Why am I Sore After Exercise?

Published July 18, 2022

By: John Kirscht Jr., PTA

If you are a regular at the gym, or just started an exercise routine, it is common to experience muscle soreness following participation in strenuous activity. Soreness or discomfort after a strenuous or new strength event is very common.  Understanding muscle soreness as a natural outcome following physical activity, how to mitigate it, and what is normal all help drive a safer and more successful exercise program.

Normal post exercise pain not related to injury is muscle soreness, that can be attributed to the strain and mild damage to the sarcomere (contractile element of muscle tissue). This degeneration and breakdown of the sarcomere initiates the body’s inflammation response and is supported by the surrounding connective tissue. The inflammatory cells stimulate pain receptors which are associated with two stages of discomfort: Acute Muscle Soreness (AMS), or Delayed Onset Muscle Soreness (DOMS).

muscle soreness after working out

Acute Muscle Soreness

Acute Muscle Soreness, or AMS is pain felt in muscles immediately afterwards or up to 24 hours following exercise. The pain can occur within a minute of a muscle contracting, and usually dissipates within two to three minutes, or up to several hours after relaxing the targeted muscle group. There are two common causes of AMS, one being the build up the accumulation chemical end products of exercise lactic acid, and the other being muscle fatigue, where the muscle struggles to contract. When you work out, the body uses oxygen to break down glucose (sugar) for energy. During intense exercise, enough oxygen may not be readily available to complete the process, so a by product called lactate is made. The body can break down lactate without using oxygen, but this lactate, or lactic acid can build up in our blood stream faster than we burn it off.  Lactic acid and other waste product build up creating a shift in the PH in the muscle tissue.  The accumulation is associated with symptoms such as a burning sensation in the affected muscle group, cramps, and weakness.  These symptoms are very commonly benign and are safe when treated correctly.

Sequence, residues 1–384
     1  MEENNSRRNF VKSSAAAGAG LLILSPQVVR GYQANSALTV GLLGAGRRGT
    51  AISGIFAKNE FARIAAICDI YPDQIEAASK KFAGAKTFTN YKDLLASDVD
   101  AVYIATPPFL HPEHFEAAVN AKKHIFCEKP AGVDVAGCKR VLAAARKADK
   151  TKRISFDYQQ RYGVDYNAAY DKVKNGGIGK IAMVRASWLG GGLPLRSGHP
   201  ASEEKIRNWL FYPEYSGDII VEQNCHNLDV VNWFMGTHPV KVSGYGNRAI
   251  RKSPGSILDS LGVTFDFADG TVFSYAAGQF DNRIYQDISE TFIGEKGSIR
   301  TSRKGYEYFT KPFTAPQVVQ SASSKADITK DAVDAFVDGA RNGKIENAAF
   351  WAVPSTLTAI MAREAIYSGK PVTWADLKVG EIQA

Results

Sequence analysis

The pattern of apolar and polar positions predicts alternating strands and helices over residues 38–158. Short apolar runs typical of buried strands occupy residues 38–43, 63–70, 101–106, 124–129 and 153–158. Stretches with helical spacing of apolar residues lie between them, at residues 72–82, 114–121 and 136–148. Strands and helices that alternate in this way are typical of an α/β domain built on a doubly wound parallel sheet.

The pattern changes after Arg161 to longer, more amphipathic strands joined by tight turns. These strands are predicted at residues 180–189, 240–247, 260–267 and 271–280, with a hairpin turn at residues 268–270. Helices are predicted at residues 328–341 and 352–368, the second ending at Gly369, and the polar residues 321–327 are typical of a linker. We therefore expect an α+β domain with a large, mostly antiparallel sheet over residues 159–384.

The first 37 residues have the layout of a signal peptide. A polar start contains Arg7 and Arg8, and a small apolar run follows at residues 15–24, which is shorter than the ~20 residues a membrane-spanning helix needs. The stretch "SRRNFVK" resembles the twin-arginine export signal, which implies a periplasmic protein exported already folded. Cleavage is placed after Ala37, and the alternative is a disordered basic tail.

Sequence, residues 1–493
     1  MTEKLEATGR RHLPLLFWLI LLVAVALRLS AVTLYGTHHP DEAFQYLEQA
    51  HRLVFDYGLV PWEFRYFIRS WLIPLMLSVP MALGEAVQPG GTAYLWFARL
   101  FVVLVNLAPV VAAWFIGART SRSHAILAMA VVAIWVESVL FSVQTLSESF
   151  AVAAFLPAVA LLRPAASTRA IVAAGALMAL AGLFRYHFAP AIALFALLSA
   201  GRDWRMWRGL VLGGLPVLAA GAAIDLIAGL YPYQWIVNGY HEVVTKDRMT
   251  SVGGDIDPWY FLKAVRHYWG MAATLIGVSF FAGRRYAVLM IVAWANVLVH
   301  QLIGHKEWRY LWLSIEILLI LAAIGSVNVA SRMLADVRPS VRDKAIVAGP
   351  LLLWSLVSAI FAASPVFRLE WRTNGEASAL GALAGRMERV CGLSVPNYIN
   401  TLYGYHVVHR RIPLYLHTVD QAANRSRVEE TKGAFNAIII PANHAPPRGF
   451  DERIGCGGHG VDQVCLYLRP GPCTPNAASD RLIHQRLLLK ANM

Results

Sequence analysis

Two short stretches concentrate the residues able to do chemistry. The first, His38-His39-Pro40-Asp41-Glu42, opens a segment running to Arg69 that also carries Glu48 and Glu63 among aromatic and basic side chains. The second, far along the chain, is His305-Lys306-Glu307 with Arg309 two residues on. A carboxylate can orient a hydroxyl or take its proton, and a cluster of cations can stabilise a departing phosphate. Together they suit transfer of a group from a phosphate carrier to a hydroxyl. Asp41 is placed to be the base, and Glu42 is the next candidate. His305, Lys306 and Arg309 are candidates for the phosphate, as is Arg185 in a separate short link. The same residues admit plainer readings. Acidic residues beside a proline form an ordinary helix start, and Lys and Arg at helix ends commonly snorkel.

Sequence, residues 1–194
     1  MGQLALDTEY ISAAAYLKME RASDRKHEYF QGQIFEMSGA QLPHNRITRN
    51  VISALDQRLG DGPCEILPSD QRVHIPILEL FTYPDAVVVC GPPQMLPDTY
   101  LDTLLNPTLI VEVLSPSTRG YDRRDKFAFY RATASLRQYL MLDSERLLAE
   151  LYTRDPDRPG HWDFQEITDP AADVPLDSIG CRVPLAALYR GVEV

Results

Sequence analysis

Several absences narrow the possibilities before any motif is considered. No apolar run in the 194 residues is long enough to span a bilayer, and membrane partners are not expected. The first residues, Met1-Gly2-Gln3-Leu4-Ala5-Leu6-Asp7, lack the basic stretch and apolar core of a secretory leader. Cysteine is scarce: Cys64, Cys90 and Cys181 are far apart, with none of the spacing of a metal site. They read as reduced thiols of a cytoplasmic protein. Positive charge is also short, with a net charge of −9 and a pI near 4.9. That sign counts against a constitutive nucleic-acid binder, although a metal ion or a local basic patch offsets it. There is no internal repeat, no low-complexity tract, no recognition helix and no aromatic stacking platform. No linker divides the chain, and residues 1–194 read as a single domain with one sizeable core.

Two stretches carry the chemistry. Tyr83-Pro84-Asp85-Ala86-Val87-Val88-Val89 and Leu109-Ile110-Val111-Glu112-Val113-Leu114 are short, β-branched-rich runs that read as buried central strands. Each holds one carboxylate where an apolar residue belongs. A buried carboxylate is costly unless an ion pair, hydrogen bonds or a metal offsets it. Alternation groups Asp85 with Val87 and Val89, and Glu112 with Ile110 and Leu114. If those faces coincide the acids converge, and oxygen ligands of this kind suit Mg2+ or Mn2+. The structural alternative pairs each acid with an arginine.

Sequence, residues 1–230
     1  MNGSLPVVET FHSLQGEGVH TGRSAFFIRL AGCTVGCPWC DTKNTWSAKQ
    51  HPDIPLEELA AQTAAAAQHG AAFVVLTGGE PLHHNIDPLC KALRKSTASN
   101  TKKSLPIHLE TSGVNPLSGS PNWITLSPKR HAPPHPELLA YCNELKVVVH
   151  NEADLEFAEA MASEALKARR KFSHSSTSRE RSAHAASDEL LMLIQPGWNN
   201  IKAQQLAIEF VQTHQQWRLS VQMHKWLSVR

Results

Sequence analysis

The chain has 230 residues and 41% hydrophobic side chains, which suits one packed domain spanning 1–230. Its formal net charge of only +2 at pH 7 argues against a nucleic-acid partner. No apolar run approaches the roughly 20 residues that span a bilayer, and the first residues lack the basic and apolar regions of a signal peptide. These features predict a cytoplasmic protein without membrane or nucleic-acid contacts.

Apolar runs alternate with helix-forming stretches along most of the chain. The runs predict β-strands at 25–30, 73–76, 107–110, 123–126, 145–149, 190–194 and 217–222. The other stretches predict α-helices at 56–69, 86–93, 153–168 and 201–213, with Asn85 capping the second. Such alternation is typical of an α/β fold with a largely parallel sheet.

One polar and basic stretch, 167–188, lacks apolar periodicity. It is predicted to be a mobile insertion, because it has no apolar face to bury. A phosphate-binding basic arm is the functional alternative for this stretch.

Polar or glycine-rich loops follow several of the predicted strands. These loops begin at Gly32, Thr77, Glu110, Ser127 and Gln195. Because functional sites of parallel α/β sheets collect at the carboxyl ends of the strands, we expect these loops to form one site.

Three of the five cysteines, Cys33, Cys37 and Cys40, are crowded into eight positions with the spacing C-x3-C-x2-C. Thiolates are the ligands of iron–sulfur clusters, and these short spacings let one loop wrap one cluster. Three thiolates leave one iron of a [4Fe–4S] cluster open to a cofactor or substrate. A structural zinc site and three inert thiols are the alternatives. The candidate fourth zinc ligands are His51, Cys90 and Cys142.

Delayed Onset Muscle Soreness

The repair of the sarcomeres and surrounding connective tissue leads to delayed onset muscle soreness (DOMS) which occurs anywhere between 24 to 72 hours following physical activity. DOMS is believed to be caused by eccentric, or lengthening exercise of the muscle while it is under tension.  The stress of this mechanic causes small scale microtrauma to the muscle fibers. This microtrauma is a positive response and necessary event to hypertrophy and adaptation.  As a basic rule, the body adapts to both stresses applied and not applied to the body. This microtrauma and associated biomarkers are simple level indicators to the body that it was not effective in meeting the force demands of the tasks the individual requested from it.  The body recognizes its own short comings and then during the reparative stage it encourages hypertrophy of the tissue, and other bio-adaptations to improve its capabilities in future events.  There are of course thresholds to how extreme we should push the body, and how much damage it can safely handle, recover from, and adapt from.  DOMS at low levels is safe, at higher levels the muscle breakdown can result in negative health events such as rhabdomyolysis, tendonitis, moderate level muscle strains, and more! Delayed onset muscle soreness can be mitigated or prevented by gradually growing into an exercise program.

How to reduce soreness?

To help relieve muscle soreness, try take a global approach to your gym routine. Alternate target muscle groups during different days of the week and allow target muscle groups to rest while working out different parts of the body (leg day vs. chest day, for example). Additionally, gentle stretching, rest, as well as modalities such as ice and hot packs can help alleviate muscle soreness. The aches and pains should be minor and are indications that your body is adapting to the exercise regimen.  

While it is not possible to completely prevent muscle soreness after exercise, the best way to reduce the severity of symptoms is to build up slowly to any exercise routines. This cautious approach will allow the muscles time to adapt to the changes they are experiencing. If you are experiencing pain or soreness after a workout or injury, trust the experts at CAO. We offer 60 convenient locations across Maryland, DC, and Virginia with over 400 providers to help get you back on the road to recovery. Schedule an appointment with CAO.